It would be very naïve to expect that my consternation, this website or the entire green lobby will convince the people of Earth and save the World. Indeed, much of tackling climate change is going to require changes in the political and economic infrastructure which will actually be impossible without multilateral state intervention.

There are a few reasons that it’s still important both to be convinced and to act on a personal level.

Firstly, until there is a more widespread consensus amongst the public, we simply aren’t going to see as many green policies as are needed. Politicians have some tough wrangling ahead if they are to take the necessary action hard enough and fast enough, and even the least cynical of us know that they won’t do so without a mandate from the people, lest they not get elected next time. Awareness is good, but voting with your feet is even better. We need to let them know that we’re up for fighting climate change.

Even if we could elect a greener government, though, laws, bills and taxation take a while to trickle through, and the process, complete with preceding debate, will take months or years before demand for air travel plateaus, let alone falls. As a collection of individuals, we can each act now, and save lives. Just don’t get on the plane. It’s that easy.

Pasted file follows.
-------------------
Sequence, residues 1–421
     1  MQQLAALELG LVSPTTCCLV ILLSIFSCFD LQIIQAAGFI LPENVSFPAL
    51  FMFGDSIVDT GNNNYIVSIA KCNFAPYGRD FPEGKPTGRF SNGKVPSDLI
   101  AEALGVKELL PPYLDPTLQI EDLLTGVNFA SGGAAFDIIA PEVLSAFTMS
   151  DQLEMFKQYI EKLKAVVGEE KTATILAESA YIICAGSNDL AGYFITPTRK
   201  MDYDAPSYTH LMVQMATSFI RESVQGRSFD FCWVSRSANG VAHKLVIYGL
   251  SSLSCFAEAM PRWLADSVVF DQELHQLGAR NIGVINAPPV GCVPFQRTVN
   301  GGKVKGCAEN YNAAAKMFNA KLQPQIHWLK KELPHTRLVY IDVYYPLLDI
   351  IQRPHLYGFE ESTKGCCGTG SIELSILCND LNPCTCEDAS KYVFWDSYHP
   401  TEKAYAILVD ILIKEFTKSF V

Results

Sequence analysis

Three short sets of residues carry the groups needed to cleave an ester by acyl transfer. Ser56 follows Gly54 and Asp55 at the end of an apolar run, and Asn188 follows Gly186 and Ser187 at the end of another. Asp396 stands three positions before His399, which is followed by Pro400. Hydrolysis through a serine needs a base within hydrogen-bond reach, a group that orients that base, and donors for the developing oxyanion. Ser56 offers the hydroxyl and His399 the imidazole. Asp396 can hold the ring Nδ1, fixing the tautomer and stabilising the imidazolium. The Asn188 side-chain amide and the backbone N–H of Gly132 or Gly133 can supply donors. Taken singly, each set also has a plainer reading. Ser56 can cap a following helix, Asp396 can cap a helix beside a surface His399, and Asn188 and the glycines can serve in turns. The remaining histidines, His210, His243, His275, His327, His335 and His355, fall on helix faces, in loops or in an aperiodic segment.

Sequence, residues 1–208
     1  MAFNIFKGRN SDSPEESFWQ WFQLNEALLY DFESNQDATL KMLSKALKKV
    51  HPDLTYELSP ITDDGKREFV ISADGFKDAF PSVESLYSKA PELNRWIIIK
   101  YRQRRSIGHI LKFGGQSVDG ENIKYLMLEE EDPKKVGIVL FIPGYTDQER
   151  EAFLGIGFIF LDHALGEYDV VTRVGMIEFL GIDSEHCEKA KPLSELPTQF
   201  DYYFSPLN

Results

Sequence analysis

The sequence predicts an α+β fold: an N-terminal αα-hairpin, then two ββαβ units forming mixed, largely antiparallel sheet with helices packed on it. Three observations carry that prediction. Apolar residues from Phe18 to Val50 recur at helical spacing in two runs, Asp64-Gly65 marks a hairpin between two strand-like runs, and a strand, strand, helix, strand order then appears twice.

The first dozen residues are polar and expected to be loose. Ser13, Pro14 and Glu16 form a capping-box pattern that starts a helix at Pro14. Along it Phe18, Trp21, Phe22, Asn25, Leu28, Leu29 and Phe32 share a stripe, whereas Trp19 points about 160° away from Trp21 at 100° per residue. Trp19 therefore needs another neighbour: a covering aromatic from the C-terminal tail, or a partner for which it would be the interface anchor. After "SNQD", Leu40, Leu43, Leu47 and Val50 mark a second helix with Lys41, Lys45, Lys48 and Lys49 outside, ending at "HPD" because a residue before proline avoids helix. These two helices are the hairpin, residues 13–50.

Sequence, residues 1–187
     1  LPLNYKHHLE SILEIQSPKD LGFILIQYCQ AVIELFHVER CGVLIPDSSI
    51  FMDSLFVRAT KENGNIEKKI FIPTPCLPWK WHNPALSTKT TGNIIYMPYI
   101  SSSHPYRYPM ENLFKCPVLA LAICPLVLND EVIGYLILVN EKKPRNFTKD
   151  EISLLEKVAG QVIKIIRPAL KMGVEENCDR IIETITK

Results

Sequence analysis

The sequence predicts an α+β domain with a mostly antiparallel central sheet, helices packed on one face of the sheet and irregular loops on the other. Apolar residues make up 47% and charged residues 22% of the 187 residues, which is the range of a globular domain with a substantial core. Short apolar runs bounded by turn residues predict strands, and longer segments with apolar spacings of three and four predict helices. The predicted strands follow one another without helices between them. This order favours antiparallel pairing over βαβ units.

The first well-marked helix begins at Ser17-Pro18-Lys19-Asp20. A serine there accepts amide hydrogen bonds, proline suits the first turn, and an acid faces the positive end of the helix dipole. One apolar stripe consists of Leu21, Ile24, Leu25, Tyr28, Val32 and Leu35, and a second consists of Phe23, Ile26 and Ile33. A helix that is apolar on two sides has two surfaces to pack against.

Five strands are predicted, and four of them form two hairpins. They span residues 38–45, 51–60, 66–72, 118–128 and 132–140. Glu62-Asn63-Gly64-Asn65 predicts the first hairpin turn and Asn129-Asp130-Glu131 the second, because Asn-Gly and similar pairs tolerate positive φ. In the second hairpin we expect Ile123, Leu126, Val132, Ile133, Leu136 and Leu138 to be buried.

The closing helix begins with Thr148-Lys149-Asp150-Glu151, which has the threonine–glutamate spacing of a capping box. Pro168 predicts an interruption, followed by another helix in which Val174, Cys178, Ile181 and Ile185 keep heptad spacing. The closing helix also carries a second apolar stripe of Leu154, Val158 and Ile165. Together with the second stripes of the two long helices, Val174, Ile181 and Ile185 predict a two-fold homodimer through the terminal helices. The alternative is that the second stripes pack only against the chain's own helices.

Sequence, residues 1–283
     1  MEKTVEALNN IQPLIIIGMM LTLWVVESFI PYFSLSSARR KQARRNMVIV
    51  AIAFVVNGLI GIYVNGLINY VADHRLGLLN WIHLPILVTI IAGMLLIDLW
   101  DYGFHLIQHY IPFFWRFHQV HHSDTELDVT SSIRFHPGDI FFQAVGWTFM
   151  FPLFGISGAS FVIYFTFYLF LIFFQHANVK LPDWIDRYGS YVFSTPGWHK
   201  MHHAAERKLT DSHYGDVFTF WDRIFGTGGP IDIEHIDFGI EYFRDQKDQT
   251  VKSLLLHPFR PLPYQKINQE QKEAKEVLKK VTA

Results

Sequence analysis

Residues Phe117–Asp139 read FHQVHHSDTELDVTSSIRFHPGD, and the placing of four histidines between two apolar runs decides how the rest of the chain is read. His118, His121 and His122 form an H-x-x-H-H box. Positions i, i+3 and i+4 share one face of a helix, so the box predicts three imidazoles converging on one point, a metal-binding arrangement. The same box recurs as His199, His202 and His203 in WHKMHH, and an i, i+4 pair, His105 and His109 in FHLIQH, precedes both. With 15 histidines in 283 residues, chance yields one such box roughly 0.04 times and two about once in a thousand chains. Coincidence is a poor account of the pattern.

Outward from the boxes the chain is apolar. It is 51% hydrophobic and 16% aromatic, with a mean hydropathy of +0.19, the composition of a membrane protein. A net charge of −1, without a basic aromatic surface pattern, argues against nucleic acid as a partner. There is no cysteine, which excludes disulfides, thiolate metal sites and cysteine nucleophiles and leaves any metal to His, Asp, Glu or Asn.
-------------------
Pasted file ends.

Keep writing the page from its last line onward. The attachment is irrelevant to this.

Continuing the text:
Finally, why not tell your friends? Your action as an individual is a contribution, but if everyone convinces someone else, the benefits snowball into something big—hopefully big enough convince the politicians and set in motion the saving of the Earth all at once.


  1. It’s a classic free-rider problem. If everyone but me decides not to travel by plane, I benefit. If I decide not to travel by plane, but everyone else continues to, I lose out.

    Suggesting that my choice makes an impact simply because there are millions of other similar choices being made is a fallacy. The choices are being made independently.

    In a market where the economics of an easyJet flight relies on the last 20 seats being sold, it is still true that my contribution does not inform any of the other consumers in the market – all the other consumers do what they would have done anyway.

    Even if two flights I might have taken were to become uneconomic, there is no causal link to be drawn which suggests that more flights would be grounded. There’s simply no mechanism for that change to happen.

    The best quote I could find to describe the economics from “The Logic of Collective Action: Public Goods and the Theory of Groups” by Mancur Olson:
    “It does not follow, because all of the individuals in a group would gain if they achieved their group objective, that they would act to achieve that objective, even if they were all rational and self-interested. Indeed unless the number of individuals in a group is quite small, or unless there is coercion or some other special device to make individuals act in their common interest, rational, self-interested individuals will not act to achieve their common or group interests.”

  2. I’ve not argued that your choice makes a difference because there are millions of other choices going on—I’ve made an argument for why your choice might be worth more than you think.